How Much Do You Make?
For those seeking a new job, honest information about salaries and workplaces can be near impossible to find. Taking a "give to get" approach to the problem, Glassdoor is a new site that aims to provide a thorough insider's look at what it's really like to work at a company, both financially and otherwise.
Launched into beta last week by two friends who worked together at Microsoft and Expedia (one of whom went on to found Zillow, which we've written about before), Glassdoor's operating philosophy is "You tell me yours, I'll tell you mine" as it gathers real-time reviews, ratings and salary details about specific jobs in specific companies. Users begin by anonymously contributing a review and/or salary survey for their current employer or any position they've held within the last three years. (All users must provide a verified email account, and all reviews are hand-inspected for authenticity by Glassdoor, it says.) In exchange, Glassdoor gives them free access to nearly 32,000 reviews and salary reports for more than 7,000 companies representing more than 80 countries around the world—and counting. Users providing feedback are asked to take a balanced approach—providing both pros and cons along with advice to senior management—as well as rating companies on a range of workplace culture factors, including work-life balance, fairness and respect, employee morale, and senior leadership. And unlike most salary services that report just aggregated information, Glassdoor provides details of salary, bonuses and other compensation for actual positions and titles at specific companies, letting users compare the earnings package paid to a software engineer at Google with that earned by one at Microsoft, for example. Glassdoor also aims to involve employers through an employer advisory panel, periodic surveys and focus groups for the site.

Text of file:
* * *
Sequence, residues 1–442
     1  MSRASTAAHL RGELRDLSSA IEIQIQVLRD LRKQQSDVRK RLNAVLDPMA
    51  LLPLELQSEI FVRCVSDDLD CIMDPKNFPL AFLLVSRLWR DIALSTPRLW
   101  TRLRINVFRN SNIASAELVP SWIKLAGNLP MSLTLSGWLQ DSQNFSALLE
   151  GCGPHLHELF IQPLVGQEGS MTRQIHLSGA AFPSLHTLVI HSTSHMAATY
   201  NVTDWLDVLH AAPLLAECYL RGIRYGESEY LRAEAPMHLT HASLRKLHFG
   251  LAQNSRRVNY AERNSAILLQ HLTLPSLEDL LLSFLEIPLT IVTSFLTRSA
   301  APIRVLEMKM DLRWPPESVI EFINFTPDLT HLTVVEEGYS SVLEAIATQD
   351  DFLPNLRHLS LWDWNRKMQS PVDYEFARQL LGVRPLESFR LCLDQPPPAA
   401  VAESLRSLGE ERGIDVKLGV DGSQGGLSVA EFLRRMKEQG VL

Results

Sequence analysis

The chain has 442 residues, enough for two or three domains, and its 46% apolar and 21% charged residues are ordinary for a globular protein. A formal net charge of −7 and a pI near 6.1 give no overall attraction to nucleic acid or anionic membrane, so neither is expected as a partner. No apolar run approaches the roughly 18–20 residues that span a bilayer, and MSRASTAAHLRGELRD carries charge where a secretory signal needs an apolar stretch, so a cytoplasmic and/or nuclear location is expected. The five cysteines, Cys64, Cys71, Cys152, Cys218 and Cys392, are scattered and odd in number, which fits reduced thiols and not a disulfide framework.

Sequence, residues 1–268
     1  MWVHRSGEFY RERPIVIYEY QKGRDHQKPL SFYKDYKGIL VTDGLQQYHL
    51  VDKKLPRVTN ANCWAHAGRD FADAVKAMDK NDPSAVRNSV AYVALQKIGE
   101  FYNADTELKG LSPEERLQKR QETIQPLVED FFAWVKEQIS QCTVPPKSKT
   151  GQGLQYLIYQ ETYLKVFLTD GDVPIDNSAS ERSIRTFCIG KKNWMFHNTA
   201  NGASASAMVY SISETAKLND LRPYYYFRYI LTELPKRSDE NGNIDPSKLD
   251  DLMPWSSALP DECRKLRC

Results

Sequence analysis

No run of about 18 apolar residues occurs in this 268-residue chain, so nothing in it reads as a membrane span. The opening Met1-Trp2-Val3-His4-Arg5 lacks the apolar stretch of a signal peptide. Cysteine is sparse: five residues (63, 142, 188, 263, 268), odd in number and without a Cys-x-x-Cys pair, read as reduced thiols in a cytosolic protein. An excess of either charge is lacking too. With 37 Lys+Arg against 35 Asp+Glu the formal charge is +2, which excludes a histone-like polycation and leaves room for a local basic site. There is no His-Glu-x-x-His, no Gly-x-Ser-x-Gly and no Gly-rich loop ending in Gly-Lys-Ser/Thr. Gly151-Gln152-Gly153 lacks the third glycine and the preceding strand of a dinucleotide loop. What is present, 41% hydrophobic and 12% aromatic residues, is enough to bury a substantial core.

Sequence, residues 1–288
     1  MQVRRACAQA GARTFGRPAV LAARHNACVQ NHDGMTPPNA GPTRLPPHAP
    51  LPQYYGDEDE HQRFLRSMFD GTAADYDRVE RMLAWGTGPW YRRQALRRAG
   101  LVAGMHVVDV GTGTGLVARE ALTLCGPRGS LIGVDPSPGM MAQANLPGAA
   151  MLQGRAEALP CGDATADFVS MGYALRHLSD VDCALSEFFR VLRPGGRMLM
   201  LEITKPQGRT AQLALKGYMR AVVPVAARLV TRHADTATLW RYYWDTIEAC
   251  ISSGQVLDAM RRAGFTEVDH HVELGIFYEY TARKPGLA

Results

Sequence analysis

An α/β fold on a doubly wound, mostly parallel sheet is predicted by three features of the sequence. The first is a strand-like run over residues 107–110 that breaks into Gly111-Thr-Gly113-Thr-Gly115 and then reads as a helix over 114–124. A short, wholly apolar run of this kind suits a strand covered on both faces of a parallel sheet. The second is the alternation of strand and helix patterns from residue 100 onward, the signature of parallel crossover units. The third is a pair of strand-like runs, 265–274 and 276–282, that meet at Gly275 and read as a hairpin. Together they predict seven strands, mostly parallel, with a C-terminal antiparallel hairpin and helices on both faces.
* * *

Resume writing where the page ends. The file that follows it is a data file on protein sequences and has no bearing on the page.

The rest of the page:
Glassdoor hopes to become the TripAdvisor of the workplace, it says, and it's currently allowing visitors to preview all available data for four “sneak peek” companies: Cisco, Google, Microsoft and Yahoo!. Robert Hohman, cofounder and CEO for the California-based site, explains: "We've built Glassdoor to make it easier for anyone to peek inside the walls of a prospective employer—or even the next cubicle—to get information that will foster more productive conversations and lead to better career decisions. Glassdoor's employee-generated content provides a level of transparency in the two key drivers of employee motivation—compensation and culture—that is not available from any other source.”
For those who hadn't noticed, the era of transparency tyranny (and transparency triumph) has arrived. Yet another stone turned!
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